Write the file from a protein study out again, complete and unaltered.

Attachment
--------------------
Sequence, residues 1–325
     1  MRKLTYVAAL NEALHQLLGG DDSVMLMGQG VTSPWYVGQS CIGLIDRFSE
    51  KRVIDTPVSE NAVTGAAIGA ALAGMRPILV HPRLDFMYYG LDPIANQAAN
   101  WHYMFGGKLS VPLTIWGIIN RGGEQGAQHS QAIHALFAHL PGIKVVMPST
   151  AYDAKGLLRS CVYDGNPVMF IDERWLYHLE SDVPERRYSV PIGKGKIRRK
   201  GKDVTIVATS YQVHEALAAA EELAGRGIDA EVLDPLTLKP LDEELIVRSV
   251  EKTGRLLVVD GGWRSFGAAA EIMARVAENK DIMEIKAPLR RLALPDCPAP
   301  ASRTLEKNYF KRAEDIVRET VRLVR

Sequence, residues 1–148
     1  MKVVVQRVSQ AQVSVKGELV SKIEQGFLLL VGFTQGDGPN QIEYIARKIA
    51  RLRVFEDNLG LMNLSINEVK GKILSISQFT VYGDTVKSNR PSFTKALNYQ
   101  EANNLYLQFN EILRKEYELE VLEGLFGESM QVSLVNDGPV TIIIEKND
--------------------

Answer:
Sequence, residues 1–325
     1  MRKLTYVAAL NEALHQLLGG DDSVMLMGQG VTSPWYVGQS CIGLIDRFSE
    51  KRVIDTPVSE NAVTGAAIGA ALAGMRPILV HPRLDFMYYG LDPIANQAAN
   101  WHYMFGGKLS VPLTIWGIIN RGGEQGAQHS QAIHALFAHL PGIKVVMPST
   151  AYDAKGLLRS CVYDGNPVMF IDERWLYHLE SDVPERRYSV PIGKGKIRRK
   201  GKDVTIVATS YQVHEALAAA EELAGRGIDA EVLDPLTLKP LDEELIVRSV
   251  EKTGRLLVVD GGWRSFGAAA EIMARVAENK DIMEIKAPLR RLALPDCPAP
   301  ASRTLEKNYF KRAEDIVRET VRLVR

Sequence, residues 1–148
     1  MKVVVQRVSQ AQVSVKGELV SKIEQGFLLL VGFTQGDGPN QIEYIARKIA
    51  RLRVFEDNLG LMNLSINEVK GKILSISQFT VYGDTVKSNR PSFTKALNYQ
   101  EANNLYLQFN EILRKEYELE VLEGLFGESM QVSLVNDGPV TIIIEKND